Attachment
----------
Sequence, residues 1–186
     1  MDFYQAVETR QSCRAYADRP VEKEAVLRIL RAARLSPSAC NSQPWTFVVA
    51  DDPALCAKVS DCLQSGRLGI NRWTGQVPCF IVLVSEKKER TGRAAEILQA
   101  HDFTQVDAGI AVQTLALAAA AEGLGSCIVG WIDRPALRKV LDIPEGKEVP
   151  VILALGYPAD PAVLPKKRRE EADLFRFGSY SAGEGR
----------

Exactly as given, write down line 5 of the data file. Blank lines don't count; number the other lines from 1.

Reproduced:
   151  VILALGYPAD PAVLPKKRRE EADLFRFGSY SAGEGR